Renewable Help (Harm Principle Modernized Pt. II)
I recently wrote about The Harm Principle and how there are relationships between the foundation of Mill’s theory and the potential of a new case of crimes against peace within the United Nations: ecocide. However, does this theory hold true throughout the United States three branches of government?
To review, the Harm Principle is a theory based on the involvement of government in the lives of individuals. It states that society has no right to infringe on the actions of an individual, unless the actions infringe on the liberties of other individuals – for example, the right to life, liberty and property. If the actions of one individual harm the liberties of another, society has the responsibility to intervene and protect democracy.
Let us look at the oil industry. In the 1970’s and early 80’s, oil prices saw a huge spike i n price per barrel as a result of OPEC’s oil embargo and the peak production of oil in the United States. The reaction of United States was to rely on a decade of subsidies and tax breaks to promote the development of more oil as opposed to using the opportunity for research in cleaner forms of energy. The turn of the decade brought about the promise of price stability with a few hiccups (Oil Price Shock of 1990). However, as oil prices began to rise at the end of the century, tax breaks and subsidies rose to keep those prices down, or at least stable. In fact, over the past three decades, we have seen around sixteen years of tax incentives on fossil fuels reaching three billion – seven of those years tax breaks reached six billion. Since the year 2000, we have seen nine years of subsidies reaching over 1.5 billion for fossil fuels.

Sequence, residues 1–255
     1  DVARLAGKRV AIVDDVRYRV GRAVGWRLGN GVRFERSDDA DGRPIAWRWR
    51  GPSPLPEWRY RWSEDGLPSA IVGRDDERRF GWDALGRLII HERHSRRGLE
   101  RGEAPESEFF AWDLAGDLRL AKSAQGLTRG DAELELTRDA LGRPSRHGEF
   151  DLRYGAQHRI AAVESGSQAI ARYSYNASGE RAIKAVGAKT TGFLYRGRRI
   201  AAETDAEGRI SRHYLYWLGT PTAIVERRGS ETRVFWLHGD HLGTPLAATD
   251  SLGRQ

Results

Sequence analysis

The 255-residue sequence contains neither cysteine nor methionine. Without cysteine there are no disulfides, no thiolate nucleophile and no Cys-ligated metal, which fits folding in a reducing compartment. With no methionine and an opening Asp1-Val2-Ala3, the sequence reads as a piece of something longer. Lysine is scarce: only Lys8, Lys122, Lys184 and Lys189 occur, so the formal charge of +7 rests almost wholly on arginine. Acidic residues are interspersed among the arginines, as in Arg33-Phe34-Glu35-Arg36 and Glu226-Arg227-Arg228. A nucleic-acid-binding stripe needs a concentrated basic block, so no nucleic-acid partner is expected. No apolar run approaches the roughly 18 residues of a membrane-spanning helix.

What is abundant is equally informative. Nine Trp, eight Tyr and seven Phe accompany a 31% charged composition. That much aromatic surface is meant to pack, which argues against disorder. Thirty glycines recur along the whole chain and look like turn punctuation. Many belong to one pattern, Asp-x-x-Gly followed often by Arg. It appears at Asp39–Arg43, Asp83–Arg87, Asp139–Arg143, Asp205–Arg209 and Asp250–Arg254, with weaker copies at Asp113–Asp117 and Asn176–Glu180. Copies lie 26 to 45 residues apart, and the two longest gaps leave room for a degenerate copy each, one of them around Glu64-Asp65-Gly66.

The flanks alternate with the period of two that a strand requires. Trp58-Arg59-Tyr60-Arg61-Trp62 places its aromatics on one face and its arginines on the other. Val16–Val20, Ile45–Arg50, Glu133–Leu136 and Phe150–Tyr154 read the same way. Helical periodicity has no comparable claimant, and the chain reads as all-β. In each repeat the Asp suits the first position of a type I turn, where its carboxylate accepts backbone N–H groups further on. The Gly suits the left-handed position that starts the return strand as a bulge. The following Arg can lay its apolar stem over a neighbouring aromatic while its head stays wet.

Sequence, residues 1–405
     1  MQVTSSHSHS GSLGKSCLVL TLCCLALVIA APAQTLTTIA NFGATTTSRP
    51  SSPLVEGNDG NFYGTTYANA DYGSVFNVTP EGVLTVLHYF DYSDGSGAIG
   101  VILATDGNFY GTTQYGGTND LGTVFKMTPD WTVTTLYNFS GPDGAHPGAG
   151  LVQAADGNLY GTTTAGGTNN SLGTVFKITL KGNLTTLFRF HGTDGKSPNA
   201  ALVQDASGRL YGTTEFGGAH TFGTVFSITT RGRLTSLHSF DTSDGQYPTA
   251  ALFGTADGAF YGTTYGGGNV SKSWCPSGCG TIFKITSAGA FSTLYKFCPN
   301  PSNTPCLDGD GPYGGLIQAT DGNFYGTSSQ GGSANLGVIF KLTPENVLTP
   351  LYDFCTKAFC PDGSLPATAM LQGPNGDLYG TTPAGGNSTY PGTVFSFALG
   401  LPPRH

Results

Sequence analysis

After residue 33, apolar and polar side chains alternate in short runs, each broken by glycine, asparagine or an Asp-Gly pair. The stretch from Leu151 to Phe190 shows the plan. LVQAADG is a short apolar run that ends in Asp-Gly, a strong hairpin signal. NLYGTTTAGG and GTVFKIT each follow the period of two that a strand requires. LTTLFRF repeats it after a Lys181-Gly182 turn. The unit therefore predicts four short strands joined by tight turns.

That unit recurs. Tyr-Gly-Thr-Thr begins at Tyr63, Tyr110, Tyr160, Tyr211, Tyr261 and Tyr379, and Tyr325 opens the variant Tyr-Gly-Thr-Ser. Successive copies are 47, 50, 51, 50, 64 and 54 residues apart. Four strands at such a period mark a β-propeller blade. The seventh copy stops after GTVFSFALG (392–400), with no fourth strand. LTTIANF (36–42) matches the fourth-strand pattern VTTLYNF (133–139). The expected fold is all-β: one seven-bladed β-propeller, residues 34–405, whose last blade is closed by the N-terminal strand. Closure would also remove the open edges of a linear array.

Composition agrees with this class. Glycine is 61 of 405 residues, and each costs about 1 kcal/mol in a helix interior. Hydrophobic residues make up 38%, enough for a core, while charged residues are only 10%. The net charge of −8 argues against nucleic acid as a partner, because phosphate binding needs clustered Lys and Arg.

(Take a closer and cleaner look at the Shifting Energy Tax Breaks Graph from the NY Times)
The oil industry has taken root in the American economy, but with the help of the United States government. Let us revisit Mill’s Harm Principle. Individuals have the right to act as they please – to produce oil. However, if their actions (such as drilling and burning oil for fuel) harm other individuals, society has the responsibility to intervene – not to subsidize and hold the oil industry’s hand through hard times.
If we look at the renewable energy industry, we can see that politicians are starting to get it. Journalist Robert Semple of the New York Times states, “many politicians have come to realize that fossil fuels exact big social costs, federal subsidies have swung slowly toward projects that produce wind and solar power.” However, subsidies and tax breaks for renewables remain young, very young. In fact, since 1980, renewables have seen only two years of incentives reaching over three billion – the only positive we may take from that is those two years were 2009 and 2010. Priorities may be starting to shift.
The case against this argument may be to do away with federal support for the energy industry altogether. Former Utah Governor and GOP Presidential candidate hopeful John Huntsman stated just this week that he wants to break up oil’s monopoly on the energy industry, by promoting alternative fuels. One way to do so, as Huntsman states, is to “systemically begin to eliminate every subsidy for energy companies, whether it be oil, natural gas, wind or solar.” While he followed this statement by endorsing hydraulic fracking as an alternative method – the idea is not all that crazy. The oil industry should no longer be given help for polluting our environment and driving social costs through the roof. My only response to Huntsman, neither should the natural gas industry.
Robert Semple put it best, “Oil and Gas had help. Why not Renewables?” Two years of subsidies and tax incentives, and one Solyndra type failure does not put into question government support for energy innovation – federal support for energy has always occurred. However, we should give renewables a chance and stop holding the oil industry’s hand. It does not need our help anymore. If the government wants to subsidize anything, compare the market, social and environmental costs of renewables vs. oil/natural gas and then gage if the government should intervene or not. John Huntsman may be surprised.